In their complacency and overconfidence, the Lydians did not even post a guard.  Hyroeades threw open the gates and the city fell.    The story of Sardis’ fall is proverbial.   But it was a proverb they never took to heart.   This story repeated itself a few hundred years later following the conquests of Alexander the Great.   And at the time Revelation was written it repeated itself in the life of the Church in Sardis.

How careful are we to be on guard in our spiritual life?   In Gethsemane, Jesus’ disciples could not stay awake.   How crushing it must have been to hear Jesus’ lament.

And he came to the disciples and found them sleeping. And he said to Peter, “So, could you not watch with me one hour? Watch and pray that you may not enter into temptation. The spirit indeed is willing, but the flesh is weak.” Again, for the second time, he went away and prayed, “My Father, if this cannot pass unless I drink it, your will be done.” And again he came and found them sleeping, for their eyes were heavy.

Matthew 26:40-42

What about you?  Are you spiritually asleep?  Has the relative safety and comfort of being a Christian in our culture caused you to leave your life unguarded?  How easily does the enemy of your soul exploit the unguarded areas of your thoughts, your words, your actions, your loves, and your ambitions?   Jesus commanded to the Church is Sardis is to “stay awake,” remain watchful.   For the spirit is willing, but the flesh is weak.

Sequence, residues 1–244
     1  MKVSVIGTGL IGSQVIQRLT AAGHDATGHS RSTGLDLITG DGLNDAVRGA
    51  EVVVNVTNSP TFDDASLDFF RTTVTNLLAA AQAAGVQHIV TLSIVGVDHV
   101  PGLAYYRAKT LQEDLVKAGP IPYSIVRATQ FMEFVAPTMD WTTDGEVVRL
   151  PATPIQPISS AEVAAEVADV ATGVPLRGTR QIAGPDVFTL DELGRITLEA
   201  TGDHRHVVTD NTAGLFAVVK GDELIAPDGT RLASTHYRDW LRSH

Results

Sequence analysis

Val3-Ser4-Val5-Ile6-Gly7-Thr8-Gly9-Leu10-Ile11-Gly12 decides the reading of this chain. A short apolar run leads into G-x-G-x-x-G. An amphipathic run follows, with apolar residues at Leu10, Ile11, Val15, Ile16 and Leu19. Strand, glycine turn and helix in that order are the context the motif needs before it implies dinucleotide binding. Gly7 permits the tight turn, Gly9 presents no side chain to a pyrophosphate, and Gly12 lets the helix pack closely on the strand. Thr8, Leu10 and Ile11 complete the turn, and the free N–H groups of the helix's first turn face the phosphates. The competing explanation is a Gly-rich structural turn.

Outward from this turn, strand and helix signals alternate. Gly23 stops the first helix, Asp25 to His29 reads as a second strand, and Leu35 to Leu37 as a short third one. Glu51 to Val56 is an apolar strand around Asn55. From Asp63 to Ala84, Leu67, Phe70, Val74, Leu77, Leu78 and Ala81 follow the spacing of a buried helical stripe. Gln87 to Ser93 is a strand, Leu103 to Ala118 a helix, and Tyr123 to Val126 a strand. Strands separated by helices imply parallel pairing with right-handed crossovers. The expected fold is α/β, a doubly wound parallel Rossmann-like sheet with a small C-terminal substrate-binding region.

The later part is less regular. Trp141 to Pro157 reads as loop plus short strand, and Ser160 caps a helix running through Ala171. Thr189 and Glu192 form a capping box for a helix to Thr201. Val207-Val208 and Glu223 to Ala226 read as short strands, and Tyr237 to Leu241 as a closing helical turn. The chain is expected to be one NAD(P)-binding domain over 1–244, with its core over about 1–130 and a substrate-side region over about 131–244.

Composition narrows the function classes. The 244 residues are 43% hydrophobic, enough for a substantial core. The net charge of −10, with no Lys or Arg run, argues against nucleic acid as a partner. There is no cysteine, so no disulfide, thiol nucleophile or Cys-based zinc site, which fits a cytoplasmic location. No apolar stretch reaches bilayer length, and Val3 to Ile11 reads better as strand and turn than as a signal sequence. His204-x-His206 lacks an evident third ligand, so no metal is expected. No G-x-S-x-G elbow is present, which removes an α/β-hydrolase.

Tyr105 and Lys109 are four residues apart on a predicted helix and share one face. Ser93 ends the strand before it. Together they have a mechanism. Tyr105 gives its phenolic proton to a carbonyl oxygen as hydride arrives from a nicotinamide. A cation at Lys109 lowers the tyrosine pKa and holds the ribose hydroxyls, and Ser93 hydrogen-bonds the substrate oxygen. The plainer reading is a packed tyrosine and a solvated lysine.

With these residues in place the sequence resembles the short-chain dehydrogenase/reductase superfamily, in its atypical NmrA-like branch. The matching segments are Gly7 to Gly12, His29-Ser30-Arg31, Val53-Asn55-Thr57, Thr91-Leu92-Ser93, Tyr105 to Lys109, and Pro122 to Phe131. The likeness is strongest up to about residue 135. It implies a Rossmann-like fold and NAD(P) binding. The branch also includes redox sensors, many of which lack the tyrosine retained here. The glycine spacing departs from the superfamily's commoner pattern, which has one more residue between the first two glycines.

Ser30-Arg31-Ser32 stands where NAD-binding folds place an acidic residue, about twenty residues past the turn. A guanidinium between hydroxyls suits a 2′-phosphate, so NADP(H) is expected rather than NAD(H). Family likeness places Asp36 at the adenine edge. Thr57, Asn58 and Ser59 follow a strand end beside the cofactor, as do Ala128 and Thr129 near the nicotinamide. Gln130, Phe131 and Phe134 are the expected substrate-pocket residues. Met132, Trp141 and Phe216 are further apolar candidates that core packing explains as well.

Paul’s warning to the Corinthians is apt for us. “Therefore let anyone who thinks that he stands take heed lest he fall.” 1 Corinthians 10:12.   How watchful are you?   Are you struggling to stay awake in your spiritual life?   Join us this week as we examine Revelation 3:1-6 and consider the call to “wake up.”   

We meet from 5:00 – 6:30 pm at The Arkansas DreamCenter at 1116 Daisy L Gatson Bates Drive in Little Rock for worship.  Get directions here or contact us for more info.  You can also join us on Facebook Live @RiverCityARP or on YouTube.

The Third Mark

The Third Mark

Three strikes and you’re out!  Even if you are not a baseball fan you know what it means.  No more chances.   Now you must face the consequences.   As a boy, I heard this phrase often.   After all, I grew up in Atlanta listening to the Braves during the Seventies.   If you followed the Braves in the Nineties, you remember the rousing sounds of a packed Braves’ stadium, thundering with the tomahawk chant and chop.  But in the Seventies, there were no crowds, no chants, and very few sightings of Chief Noc-A-Homa (let the reader understand). 

There were a few bright spots.  Men like “Hammering” Hank Aaron and Phil Niekro labored for what must have felt like a lifetime with other legendary cellar-dwelling Braves.   But for diehard fans like my mother, there was little to celebrate.  In those days the Braves could hardly give tickets away.   My mother and I attended many games on 25 cent “knot hole” tickets.  The schools also gave away scores of tickets to students with good grades.